Maximize your trading effectiveness by knowing when and how to vary position sizes--without skipping sound risk management.
For the average retail trader, learning to scale up your position size can be a nerve-wracking process that can lead to unexpected and outsized losses. Fortunately, there are some guidelines that may help smooth your progress if you are considering scaling your position size.
One mistake traders make when attempting to increase their positon size is rushing the process. Unprofitable traders often think they’re ineffective because they aren’t trading large enough size. Conversely, some profitable traders think they’re leaving money on the table by trading too small.
Either perspective can be dangerous. And that kind of mindset ignores a primary consideration for determining position size: risk management.
Perhaps the best time to create a quantifiable, risk-focused trading methodology may be when you're trading small. It’s also the time to test out different trading styles and techniques and incorporate them into a strategy that is designed to protect your downside and help maximize your upside.
Only once you are comfortable with your strategy—and feel your objectives are defined—you might consider increasing your position size.
You might start by deciding what your maximum risk per trade will be. This is a highly personal decision, but many traders set their max between 1% and 5% of their total account equity.
So if you have a $100,000 account and you’ve determined that you’ll risk 2.5% per trade, your per-trade max risk would be $2,500. Suppose your account balance eventually doubled to $200,000. At that point, keeping a constant per-trade risk of 2.5% would equate to $5,000 (double what it was before).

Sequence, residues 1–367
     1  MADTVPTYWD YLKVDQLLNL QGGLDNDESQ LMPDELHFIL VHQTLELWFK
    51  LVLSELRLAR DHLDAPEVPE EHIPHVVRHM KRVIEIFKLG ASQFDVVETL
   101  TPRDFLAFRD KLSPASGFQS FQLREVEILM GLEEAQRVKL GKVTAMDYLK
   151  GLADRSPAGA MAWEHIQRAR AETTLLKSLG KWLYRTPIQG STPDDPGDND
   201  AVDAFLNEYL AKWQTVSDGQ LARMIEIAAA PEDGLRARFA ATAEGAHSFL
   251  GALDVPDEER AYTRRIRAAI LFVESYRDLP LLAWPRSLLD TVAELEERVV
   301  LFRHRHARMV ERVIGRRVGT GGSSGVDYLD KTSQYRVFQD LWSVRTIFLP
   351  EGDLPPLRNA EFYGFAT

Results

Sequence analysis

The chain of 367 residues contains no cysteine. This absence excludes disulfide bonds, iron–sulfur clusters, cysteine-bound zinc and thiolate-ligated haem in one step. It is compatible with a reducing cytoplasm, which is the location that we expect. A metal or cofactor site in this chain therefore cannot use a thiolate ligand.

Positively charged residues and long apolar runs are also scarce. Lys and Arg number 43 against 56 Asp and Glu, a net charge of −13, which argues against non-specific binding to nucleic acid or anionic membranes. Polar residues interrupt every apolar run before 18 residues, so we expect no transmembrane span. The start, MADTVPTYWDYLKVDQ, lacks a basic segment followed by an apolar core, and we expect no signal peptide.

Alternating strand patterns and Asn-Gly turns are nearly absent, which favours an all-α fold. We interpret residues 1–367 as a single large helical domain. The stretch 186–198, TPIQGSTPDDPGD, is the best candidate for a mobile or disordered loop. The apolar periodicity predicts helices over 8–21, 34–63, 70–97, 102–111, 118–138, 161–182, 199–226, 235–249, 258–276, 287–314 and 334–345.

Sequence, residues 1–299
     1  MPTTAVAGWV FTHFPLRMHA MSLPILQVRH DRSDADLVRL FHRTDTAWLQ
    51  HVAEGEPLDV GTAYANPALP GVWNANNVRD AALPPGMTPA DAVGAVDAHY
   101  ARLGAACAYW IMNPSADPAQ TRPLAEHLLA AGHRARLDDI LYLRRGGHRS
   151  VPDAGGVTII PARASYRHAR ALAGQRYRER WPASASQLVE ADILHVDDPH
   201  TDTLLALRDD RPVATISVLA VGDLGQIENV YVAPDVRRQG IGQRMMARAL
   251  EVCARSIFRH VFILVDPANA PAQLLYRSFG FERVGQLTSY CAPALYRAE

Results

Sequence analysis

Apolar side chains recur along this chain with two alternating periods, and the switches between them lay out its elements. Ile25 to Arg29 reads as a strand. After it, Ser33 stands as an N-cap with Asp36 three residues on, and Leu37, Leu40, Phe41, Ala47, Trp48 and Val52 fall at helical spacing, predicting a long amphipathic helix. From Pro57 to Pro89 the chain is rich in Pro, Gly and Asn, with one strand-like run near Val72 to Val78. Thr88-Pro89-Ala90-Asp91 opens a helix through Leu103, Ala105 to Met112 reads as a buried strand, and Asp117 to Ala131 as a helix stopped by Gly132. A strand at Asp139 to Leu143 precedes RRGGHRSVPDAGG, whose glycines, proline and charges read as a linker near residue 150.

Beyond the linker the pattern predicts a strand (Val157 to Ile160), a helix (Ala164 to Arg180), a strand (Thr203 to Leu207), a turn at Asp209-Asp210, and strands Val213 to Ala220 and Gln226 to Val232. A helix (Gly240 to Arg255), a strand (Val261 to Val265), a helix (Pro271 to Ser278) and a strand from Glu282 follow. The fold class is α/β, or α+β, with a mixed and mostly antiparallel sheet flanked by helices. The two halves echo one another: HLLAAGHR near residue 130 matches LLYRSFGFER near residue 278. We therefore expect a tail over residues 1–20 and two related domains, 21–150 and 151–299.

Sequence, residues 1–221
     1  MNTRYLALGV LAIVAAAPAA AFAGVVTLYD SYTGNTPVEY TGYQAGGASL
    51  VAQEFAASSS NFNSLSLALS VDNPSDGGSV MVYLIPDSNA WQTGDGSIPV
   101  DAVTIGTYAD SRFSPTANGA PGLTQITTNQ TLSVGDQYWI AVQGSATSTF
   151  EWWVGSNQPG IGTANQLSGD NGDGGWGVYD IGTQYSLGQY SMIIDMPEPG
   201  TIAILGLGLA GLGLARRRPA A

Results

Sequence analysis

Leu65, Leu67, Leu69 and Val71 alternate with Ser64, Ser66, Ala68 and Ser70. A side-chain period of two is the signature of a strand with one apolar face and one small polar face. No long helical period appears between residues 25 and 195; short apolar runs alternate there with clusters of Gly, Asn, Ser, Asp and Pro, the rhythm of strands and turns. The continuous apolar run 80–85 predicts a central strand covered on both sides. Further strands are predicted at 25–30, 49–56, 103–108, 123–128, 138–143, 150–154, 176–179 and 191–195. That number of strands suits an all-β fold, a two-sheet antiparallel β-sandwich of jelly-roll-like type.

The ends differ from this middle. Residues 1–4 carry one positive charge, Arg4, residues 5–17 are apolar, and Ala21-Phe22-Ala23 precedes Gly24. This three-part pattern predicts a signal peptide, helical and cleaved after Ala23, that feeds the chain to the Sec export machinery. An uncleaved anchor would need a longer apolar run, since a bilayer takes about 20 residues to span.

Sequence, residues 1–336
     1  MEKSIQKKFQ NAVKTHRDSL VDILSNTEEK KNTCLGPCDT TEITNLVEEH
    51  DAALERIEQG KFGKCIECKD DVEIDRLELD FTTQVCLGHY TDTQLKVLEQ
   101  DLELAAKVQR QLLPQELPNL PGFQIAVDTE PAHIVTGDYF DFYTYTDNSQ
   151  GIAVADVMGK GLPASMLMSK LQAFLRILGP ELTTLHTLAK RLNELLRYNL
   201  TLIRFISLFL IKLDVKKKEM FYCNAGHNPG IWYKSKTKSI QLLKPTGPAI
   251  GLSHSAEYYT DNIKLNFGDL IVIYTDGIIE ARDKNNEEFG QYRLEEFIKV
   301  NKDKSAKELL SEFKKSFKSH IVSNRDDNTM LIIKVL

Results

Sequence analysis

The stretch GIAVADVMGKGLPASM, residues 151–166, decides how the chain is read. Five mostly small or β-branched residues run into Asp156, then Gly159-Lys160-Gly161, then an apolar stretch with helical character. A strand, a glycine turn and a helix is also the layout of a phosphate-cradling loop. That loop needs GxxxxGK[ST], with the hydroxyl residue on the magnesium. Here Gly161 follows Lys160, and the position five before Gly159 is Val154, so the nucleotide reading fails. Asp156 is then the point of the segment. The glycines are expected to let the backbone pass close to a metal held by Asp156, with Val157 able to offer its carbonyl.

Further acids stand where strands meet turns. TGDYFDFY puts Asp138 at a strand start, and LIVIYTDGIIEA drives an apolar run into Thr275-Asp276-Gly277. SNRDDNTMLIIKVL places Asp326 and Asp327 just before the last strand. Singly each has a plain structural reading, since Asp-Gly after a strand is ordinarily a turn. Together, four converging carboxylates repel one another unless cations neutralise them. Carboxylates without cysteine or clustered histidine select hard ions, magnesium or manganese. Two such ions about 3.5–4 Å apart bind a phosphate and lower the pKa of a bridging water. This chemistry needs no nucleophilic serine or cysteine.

The potential advantage is that by keeping your risk percentage constant, your position size can rise and fall with your account balance. It’s one way to size up your positions that is also objective and non-emotional.
The same logic holds on the downside as well. For example, suppose your trading account dropped to $50,000. Keeping to a constant 2.5% maximum risk per trade would lower your risk target as well, to $1,250. This automatically heeds the advice of many seasoned traders: when losing, trade smaller.
Remember: there’s no need to rush into trading larger positions. The market will be there when you’re ready. First, your goal should be to refine your trading as much as possible so you can be effective over the long term. If you focus on that, and manage your risk, you’ll have plenty of time to increase your position size in a way that makes sense.
for thinkMoney ®
Financial Communications Society 2016
for Ticker Tape
Content Marketing Awards 2016
Market volatility, volume, and system availability may delay account access and trade executions.
Past performance of a security or strategy does not guarantee future results or success.
Options are not suitable for all investors as the special risks inherent to options trading may expose investors to potentially rapid and substantial losses. Options trading subject to TD Ameritrade review and approval. Please read Characteristics and Risks of Standardized Options before investing in options.
Supporting documentation for any claims, comparisons, statistics, or other technical data will be supplied upon request.
The information is not intended to be investment advice or construed as a recommendation or endorsement of any particular investment or investment strategy, and is for illustrative purposes only. Be sure to understand all risks involved with each strategy, including commission costs, before attempting to place any trade. Clients must consider all relevant risk factors, including their own personal financial situations, before trading.
This is not an offer or solicitation in any jurisdiction where we are not authorized to do business or where such offer or solicitation would be contrary to the local laws and regulations of that jurisdiction, including, but not limited to persons residing in Australia, Canada, Hong Kong, Japan, Saudi Arabia, Singapore, UK, and the countries of the European Union.
TD Ameritrade, Inc., member FINRA/SIPC. TD Ameritrade is a trademark jointly owned by TD Ameritrade IP Company, Inc. and The Toronto-Dominion Bank. © 2018 TD Ameritrade.